The market is jittery evidenced by a dip below 4800 – a level not seen since January this year. If you’re searching for yield, you might like to check out dividend stocks amongst small caps – and in particular the hot IT sector.
The XIJ Information Technology Sector is up 12% in the past six months. The best-performing sector in the ASX over this period is Consumer Discretionary (XDJ) but IT stocks tend to be more resilient in the face of economic headwinds.
From a list of companies in the XIJ we chose 7 stocks paying generous fully franked dividends and good performance track records. One has a market cap of $529 million and the rest range from $114 million to $195 million.
We look at total average annual shareholder return over time; historical and projected growth in both earnings and dividends; actual grossed up yield for FY 2012; and two valuation measures, the P/E and P/EG ratios.
One of the pitfalls of looking at dividend yield figures is price volatility. Since yield varies with share price you can see wildly fluctuating yields over a matter of days. In addition, the raw yields you find do not reflect the benefits of dividend investing – franking credits. Grossed up yield takes franking credits into account.
Here we select yields actually paid in FY 2012.
Another issue easily forgotten is total shareholder return over time – a combination of dividend payments and share price appreciation. Dividends are great but in truth rather pointless if the share price drops resulting in a negative return on your dollar.
|Company||Code||Grossed Up Div Yld 20012 Actual||Total Avg Annual Shareholder Return (1Yr/3Yr/5Yr)||% Yr Historical Growth (EPS/DPS)||P/E|| P/EG|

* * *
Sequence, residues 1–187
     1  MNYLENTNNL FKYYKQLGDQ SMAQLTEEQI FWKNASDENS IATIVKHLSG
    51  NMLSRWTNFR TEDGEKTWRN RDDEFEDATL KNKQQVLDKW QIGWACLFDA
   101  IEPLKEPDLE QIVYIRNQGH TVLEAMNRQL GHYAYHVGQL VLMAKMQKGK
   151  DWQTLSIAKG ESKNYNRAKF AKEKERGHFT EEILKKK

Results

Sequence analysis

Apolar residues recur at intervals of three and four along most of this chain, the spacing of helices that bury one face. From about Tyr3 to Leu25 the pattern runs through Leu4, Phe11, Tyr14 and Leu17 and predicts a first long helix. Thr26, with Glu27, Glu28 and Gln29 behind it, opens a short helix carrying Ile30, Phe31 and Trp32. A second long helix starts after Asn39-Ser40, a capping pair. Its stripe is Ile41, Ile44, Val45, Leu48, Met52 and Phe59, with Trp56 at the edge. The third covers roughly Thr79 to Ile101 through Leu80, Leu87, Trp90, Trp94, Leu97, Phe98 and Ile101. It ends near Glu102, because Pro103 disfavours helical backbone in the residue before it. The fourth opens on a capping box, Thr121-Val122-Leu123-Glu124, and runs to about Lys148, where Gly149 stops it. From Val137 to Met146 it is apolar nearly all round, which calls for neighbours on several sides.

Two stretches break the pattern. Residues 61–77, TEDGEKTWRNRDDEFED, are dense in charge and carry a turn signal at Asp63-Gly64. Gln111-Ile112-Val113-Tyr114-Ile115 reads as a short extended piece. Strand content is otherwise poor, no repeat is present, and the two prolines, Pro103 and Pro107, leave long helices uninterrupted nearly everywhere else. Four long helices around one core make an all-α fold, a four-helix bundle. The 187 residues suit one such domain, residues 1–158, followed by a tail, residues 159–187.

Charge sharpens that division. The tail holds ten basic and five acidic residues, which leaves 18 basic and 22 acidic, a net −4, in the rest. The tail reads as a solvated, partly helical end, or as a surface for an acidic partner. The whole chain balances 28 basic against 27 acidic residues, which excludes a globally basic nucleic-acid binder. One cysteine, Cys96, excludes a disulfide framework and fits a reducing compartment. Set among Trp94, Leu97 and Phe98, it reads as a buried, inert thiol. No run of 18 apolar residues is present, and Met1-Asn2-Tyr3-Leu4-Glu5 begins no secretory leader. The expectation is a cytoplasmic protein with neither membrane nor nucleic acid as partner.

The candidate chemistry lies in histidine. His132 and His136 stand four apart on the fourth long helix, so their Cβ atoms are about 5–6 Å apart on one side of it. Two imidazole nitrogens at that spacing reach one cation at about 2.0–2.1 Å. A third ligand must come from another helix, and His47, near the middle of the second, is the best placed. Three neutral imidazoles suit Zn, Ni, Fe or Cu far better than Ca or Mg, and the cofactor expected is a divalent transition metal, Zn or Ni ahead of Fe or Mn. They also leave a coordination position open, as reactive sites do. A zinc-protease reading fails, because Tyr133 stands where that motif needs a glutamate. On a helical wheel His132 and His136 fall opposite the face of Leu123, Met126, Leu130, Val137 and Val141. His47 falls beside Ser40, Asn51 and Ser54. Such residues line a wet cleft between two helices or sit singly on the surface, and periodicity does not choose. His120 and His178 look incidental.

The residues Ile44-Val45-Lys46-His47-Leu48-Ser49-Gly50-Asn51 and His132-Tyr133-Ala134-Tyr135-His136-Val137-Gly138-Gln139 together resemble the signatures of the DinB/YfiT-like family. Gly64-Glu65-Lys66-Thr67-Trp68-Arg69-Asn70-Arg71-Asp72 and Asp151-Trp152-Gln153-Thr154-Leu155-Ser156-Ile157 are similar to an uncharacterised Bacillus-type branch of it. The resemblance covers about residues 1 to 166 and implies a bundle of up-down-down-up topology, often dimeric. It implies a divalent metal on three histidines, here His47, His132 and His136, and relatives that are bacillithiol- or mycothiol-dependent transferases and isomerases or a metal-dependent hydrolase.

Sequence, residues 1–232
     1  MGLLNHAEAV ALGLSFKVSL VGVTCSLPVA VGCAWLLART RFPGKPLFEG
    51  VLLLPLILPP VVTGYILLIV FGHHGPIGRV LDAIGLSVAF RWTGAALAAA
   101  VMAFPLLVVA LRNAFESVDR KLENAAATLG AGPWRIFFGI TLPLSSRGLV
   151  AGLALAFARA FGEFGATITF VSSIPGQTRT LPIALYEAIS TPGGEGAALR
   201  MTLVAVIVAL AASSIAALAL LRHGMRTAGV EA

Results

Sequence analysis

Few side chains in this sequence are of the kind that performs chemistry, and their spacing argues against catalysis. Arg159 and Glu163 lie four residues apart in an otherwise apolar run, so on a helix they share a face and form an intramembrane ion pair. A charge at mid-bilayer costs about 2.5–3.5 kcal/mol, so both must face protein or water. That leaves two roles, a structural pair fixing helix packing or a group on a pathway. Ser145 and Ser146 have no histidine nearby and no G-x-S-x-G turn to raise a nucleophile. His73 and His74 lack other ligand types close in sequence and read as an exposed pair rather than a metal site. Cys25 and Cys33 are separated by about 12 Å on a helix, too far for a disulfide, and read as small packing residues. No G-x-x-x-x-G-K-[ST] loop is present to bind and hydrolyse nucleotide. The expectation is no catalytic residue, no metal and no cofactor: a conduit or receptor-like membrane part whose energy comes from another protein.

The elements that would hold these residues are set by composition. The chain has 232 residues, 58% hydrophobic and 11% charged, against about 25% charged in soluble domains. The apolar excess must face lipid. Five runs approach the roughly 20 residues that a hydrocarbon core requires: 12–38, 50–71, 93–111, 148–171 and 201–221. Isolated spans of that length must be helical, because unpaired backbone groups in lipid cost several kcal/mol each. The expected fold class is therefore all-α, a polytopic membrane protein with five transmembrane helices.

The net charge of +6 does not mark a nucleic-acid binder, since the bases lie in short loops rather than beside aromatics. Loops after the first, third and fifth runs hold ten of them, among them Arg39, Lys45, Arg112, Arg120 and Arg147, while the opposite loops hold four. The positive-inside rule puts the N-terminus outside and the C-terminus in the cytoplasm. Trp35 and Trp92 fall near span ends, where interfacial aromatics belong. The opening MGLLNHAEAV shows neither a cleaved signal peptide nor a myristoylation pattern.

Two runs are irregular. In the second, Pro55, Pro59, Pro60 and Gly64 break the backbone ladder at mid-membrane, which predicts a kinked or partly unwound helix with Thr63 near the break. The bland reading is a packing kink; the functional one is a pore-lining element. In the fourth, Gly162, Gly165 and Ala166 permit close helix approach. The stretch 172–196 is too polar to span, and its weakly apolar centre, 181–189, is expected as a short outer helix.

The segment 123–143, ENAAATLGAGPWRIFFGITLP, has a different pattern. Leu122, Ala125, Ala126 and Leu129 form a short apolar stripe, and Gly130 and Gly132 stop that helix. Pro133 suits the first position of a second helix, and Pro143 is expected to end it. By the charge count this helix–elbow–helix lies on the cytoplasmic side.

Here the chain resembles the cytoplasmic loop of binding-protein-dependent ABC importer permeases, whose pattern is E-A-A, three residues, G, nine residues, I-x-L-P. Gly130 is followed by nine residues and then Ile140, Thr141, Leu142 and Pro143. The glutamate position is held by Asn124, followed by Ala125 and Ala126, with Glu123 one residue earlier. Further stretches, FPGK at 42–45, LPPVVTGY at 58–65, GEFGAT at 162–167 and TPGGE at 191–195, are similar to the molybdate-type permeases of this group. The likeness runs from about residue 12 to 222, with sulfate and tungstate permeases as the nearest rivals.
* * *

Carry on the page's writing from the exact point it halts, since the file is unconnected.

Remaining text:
|2Yr Forecast Growth (Earning//Dividend)|
|Dicker Data Limited||DDR||21.9%||150.8%/NA/NA||29.6%/78.7% (1 Year)||13.89||–||–|
Since it’s dividends we’re after it makes sense to look at year by year actual dividends paid in addition to the 5 year averages which can wash out fluctuations in payment. This final bit of data appears in the following table, along with analyst estimates for dividend payments in 2013 and 2014.
After analysing the table, two stocks stand out. One is a newcomer and the other is a potential turnaround story.
Dicker Data Ltd (DDR), a compueter hardware and software distributor, began trading on the ASX in January 2011 but the company has been in business for 34 years. In their short history DDR has posted some impressive numbers. GBST Holdings (GBT) provides software services to the financial industry in Australia, New Zealand and Hong Kong, specialising in securities transactions and fund administration. In August 2007 GBT was trading at around $4.50 and has rebounded a bit of late following the crushing impact of the GFC. The closing price for GBT on 06 May was $1.52 while DDR closed at $0.90. Both companies have performed well year over year. Here is a one year price chart, compared to the XIJ Information Technology Index: